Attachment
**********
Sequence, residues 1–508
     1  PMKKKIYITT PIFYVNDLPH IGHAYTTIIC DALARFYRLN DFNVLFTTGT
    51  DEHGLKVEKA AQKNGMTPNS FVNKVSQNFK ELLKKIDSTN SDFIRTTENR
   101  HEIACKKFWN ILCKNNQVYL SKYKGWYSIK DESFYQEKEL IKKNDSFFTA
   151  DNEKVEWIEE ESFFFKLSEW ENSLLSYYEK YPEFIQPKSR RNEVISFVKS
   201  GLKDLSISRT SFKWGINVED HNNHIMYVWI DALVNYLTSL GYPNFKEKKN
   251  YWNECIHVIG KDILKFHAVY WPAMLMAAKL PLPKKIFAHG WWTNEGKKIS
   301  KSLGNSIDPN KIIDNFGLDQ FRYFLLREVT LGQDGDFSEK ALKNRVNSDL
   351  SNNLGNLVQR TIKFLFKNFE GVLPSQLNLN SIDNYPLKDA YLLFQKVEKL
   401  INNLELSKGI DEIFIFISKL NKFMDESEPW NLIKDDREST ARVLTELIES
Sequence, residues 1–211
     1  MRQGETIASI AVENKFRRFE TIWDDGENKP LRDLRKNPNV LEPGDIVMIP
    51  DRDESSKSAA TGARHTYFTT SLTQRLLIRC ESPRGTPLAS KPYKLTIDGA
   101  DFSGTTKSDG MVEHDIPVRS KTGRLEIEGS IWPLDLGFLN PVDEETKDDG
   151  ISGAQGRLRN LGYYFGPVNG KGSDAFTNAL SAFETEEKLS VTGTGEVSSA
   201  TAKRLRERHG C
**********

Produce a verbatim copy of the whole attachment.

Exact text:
Sequence, residues 1–508
     1  PMKKKIYITT PIFYVNDLPH IGHAYTTIIC DALARFYRLN DFNVLFTTGT
    51  DEHGLKVEKA AQKNGMTPNS FVNKVSQNFK ELLKKIDSTN SDFIRTTENR
   101  HEIACKKFWN ILCKNNQVYL SKYKGWYSIK DESFYQEKEL IKKNDSFFTA
   151  DNEKVEWIEE ESFFFKLSEW ENSLLSYYEK YPEFIQPKSR RNEVISFVKS
   201  GLKDLSISRT SFKWGINVED HNNHIMYVWI DALVNYLTSL GYPNFKEKKN
   251  YWNECIHVIG KDILKFHAVY WPAMLMAAKL PLPKKIFAHG WWTNEGKKIS
   301  KSLGNSIDPN KIIDNFGLDQ FRYFLLREVT LGQDGDFSEK ALKNRVNSDL
   351  SNNLGNLVQR TIKFLFKNFE GVLPSQLNLN SIDNYPLKDA YLLFQKVEKL
   401  INNLELSKGI DEIFIFISKL NKFMDESEPW NLIKDDREST ARVLTELIES
Sequence, residues 1–211
     1  MRQGETIASI AVENKFRRFE TIWDDGENKP LRDLRKNPNV LEPGDIVMIP
    51  DRDESSKSAA TGARHTYFTT SLTQRLLIRC ESPRGTPLAS KPYKLTIDGA
   101  DFSGTTKSDG MVEHDIPVRS KTGRLEIEGS IWPLDLGFLN PVDEETKDDG
   151  ISGAQGRLRN LGYYFGPVNG KGSDAFTNAL SAFETEEKLS VTGTGEVSSA
   201  TAKRLRERHG C